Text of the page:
There was a random element to it, as well. Some celebrities you might never catch a glimpse of, while others seemed to pop up with an unexpected regularity.

In 1987, the car we drove was a 1970s Austin Princess, all leather seats and walnut dashboard. In many ways, it symbolised what people thought of as the basic qualities of our band: unassuming, a little bit quirky, a little bit vintage. We’d had it for a year or so, but Ben was running out of patience. It had a habit of letting us down at inconvenient moments – for instance, at the top of the long, steep climbs that you encounter when driving through Italy, which we had just recklessly done for a holiday. The car was such a novelty out there that it attracted crowds whenever we parked. They would gather round, nodding appreciatively, stroking the bonnet and murmuring, “Bella macchina . . .”

Having recently banked a couple of royalty cheques, Ben was thinking of a complete change of style – a rock’n’roll, grand-gesture kind of car.

“I wanna get an old Mercedes 300 SL,” he said to me.

“What’s one of those?”

“I’ll let you know next time we pass one,” he said.

We were driving through London in the Princess, and as we swung round into Sloane Square, Ben called out, “There’s one, look, coming up on the inside now!” I looked round at this vision of gleaming steel and chrome, gliding along effortlessly beside us, and at the same moment the driver glanced over towards our funny little car. We made eye contact, then the Merc roared away. It was George Michael.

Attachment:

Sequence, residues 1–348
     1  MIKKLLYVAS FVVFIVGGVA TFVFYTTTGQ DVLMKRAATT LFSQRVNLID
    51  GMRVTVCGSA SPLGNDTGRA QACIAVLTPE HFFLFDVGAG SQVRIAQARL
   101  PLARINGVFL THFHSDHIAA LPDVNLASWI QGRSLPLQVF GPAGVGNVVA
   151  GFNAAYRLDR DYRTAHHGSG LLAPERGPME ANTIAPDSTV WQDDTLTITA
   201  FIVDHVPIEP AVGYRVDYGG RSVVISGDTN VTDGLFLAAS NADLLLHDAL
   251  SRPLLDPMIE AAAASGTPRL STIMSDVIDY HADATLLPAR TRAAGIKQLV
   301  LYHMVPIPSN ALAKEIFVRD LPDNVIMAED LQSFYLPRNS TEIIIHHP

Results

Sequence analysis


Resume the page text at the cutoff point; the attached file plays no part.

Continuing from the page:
“That was George Michael!” we both shouted. “And he was driving the car we want!”

We’d always had a soft spot for George, even though we seemed to inhabit opposite ends of the pop spectrum. He’d once been on a TV review show and said nice things about our first album, and I knew he had liked my solo single “Plain Sailing”. We’d done a miners’ benefit gig where Wham! had appeared, slightly out of place in their vests, tans and blond bouffants. There had been a bit of sneering because they’d mimed. But I remember thinking, “Good on you for even being here.” Their presence showed that being politically active, or even just caring, wasn’t the sole preserve of righteous indie groups.

A couple of weeks later, we were driving along again in the Princess, when who should pull up beside us in traffic? George again. He wound down his window, and so did we. He was charming and called across to say that, yes, he had recognised us the other day in Sloane Square. He went on to complain that BBC Radio 1 wouldn’t play his new single “because it was too crude”. “What’s it called?” asked Ben. “ ‘I Want Your Sex’!” he shouted, and roared away again, leaving us laughing.

We’d made up our minds by now, and so we went down to the showroom, flashed the cash, bought the pop-star car and spent the next few weeks driving our parents up and down the motorway with the roof off. It was amazing: even I had to admit that it was a thrill to be speeding along in such a machine.

A little time passed. We were happy with our glamorous new purchase, when one day we were driving down the M1 and, yes, you’ve guessed it, in the rear-view mirror Ben saw the familiar shape coming up behind. “Bloody hell, it’s George Michael again. I think he must be stalking us.”

George pulled out into the lane alongside and slowed down as he drew level with us. We wound down the windows. He gave the car a long look, up and down, smiled that smile and said, “That’s a bit more like it.” Then he sped away from us for the last time.

Cheers, George. You were friendly, and generous, and kind, and you were good at being a pop star.

Tracey Thorn is a musician and writer, best known as one half of Everything but the Girl. She writes the fortnightly “Off the Record” column for the New Statesman. Her latest book is Naked at the Albert Hall.

This article first appeared in the 12 January 2017 issue of the New Statesman, Putin's revenge